Sunday, June 23, 2013



that beautiful space in time,
when I am, only mine.
Nondescript of every other description-
I am the rustle of bamboo in the winds
making love without purpose
or the need to express.

The darkness here is mine,
the occasional happiness too.

In some unknown corridor of the neighborhood,
a conch blows
out of propriety and context.
Stale winds fan an old lingering song,

I exist in the darkness of such songs.

© 2013 Maitreyee Bhattacharjee Chowdhury
( Image from the Internet)

Saturday, June 15, 2013

Conversations with a Koyel

This afternoon, I sat on my balcony with a book. there are some large trees where I stay. A clump of bamboo in the garden particularly attracts a lot of birds, mostly very small constantly flittering away as if all the fun was in the wagging of a coloured tail. But there is one bird which unfailingly makes its presence felt by its melodious and persistent call. I've tried to trace the Koel, sometimes in the backyard and sometimes in the front and finally found it to be hidden within the bamboo in the front garden part.

The rather persistent call from the bird made me shut my book and look out at the adjacent road and the other neighborhood houses. There has been a small construction work going on for a few days and I idly watched the men going about their work. The call of the Koel went on uninterrupted, if possible even louder this time. 

Suddenly, a worker came near the wall of the house looked at the clump of bamboo and shouted, " ka re itna kahe batiya rahe ho, ab chup bhi ho jao, tanik jirai le" ( Translates to- what happened, why are you talking so much, can't you be quiet for a while so that I can rest a bit?) he stood there, hands in the hips still looking upwards, almost as if he were waiting for an answer. There was complete silence for just about 2 minutes..I held my breath, my eyes almost popping out. The man turned his back to the tree, almost going off and then stopped halfway, scratched his head and came back. He looked at the bamboo, threw up his hands and shouted again, " ab itni bhi kya narazgi, hum sachi muchi thodi bolein hain, chalo batiao aisa sannata acha nahin lage hain". I looked at the bamboo tree hopefully, the leaves shook a bit...a small bird hurried out in a hurry and suddenly the song was back! The ever persistent coo back again, I almost laughed then, but shut my mouth, thinking the worker, might overhear me and feel embarrassed. Meanwhile he looked at the tree, lifted his hand and exited with a smart " Jai ram ji ki"

( Image from the internet)

Friday, June 7, 2013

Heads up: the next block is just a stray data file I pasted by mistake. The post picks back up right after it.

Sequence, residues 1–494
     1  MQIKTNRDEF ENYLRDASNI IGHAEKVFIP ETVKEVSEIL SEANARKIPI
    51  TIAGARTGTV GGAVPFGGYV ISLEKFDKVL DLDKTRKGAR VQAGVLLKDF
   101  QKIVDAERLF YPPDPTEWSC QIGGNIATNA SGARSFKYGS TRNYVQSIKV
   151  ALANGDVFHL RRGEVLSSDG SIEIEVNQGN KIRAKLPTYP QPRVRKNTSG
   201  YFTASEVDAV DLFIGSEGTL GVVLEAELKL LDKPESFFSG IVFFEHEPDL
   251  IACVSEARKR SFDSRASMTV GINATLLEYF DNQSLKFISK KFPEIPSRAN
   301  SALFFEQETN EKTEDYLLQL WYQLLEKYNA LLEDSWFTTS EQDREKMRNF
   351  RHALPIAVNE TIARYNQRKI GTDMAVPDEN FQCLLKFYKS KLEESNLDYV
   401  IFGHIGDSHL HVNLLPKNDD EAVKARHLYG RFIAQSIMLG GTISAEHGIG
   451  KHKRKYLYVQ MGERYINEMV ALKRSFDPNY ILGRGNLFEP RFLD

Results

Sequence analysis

Football and the worship of Kali

I was watching 'Egaro- The Immortal Eleven', a Bengali film released in 2011 yesterday. A refreshing film, it celebrates the centenary of the historical football match between Mohun Bagan and East Yorkshire Regiment for the IFA Shield. The match saw Mohun Bagan winning the shield on 29 July 1911, a time when the British still ruled over India. Though on a simplistic level, the film is about one particular match, yet on different levels it also showcases the patriotic passion that drives the eleven players and those who are associated with them, as well as the spectators who even if for that one moment stand united against the British regime.

There are many aspects in the film which are really nice, especially because it hasn't been reduced to a song and dance ritual like Bollywood films. A portrayal of the culture, traditions and people of those times are interesting( though there are some very slight inaccuracies).

One scene particularly caught my interest. An underground revolutionary group headed by Nagendra is shown worshiping the Goddess Kali, while recruiting new members to the group or even praying to her for inspiration for their goal of killing the British officers.

Kali worship in Bengal probably began in the 18th- 19 the century. Usually so far associated as a goddess worshiped by petty thieves and robbers, Kali now began to be worshiped by the elite of Calcutta too. The atrocities of the British regime combined by the devastating famine, probably made them look for an all powerful deity who graphically represented brute power (the martial aspect of Shakthi) against the forces of evil.

There is also evidence that during the early part of the 20th century revolutionaries of the Indian freedom struggle , used the imagery associated with the worship of Kali. The name of revolutionary groups like Anushilan Samiti comes to the fore in this regard. According to Tantric belief the worship of Kali transforms negative energies and defeats demonic forces, probably why the revolutionaries could associate themselves with her.

Interestingly, the freedom movement has seen its fare share of influences through feminine forces. Abanindranath Tagore( nephew of Rabindranath Tagore and founder of Bengal school of Art) painted his famous watercolor 'Mother India' in 1906, representing the country as a beautiful, ascetic goddess clad in pale saffron. This image became the artistic icon for the nation during the struggle for freedom.
Curiously, the image was inspired from a book by Sister Nivedita (a Scots-Irish social worker and devotee of Swami Vivekananda), called 'Kali the Mother'.

( Image from the Internet)

Saturday, June 1, 2013

-The Morning after-

Sleep induced eyes, look at the morning after.

A drunk rises from his stupor
into the normalcy of vegetable vendors,
sleepy children trudge off to school-
A beggar takes his place,
in streets teeming with hope
illicit lovers raise their eyes
from a night of flirtation,
to the normalcy of regained composure-

In faltering steps,
life assumes proportions normal.

© 2013  Maitreyee Bhattacharjee Chowdhury

( Painting by Manish Khatri)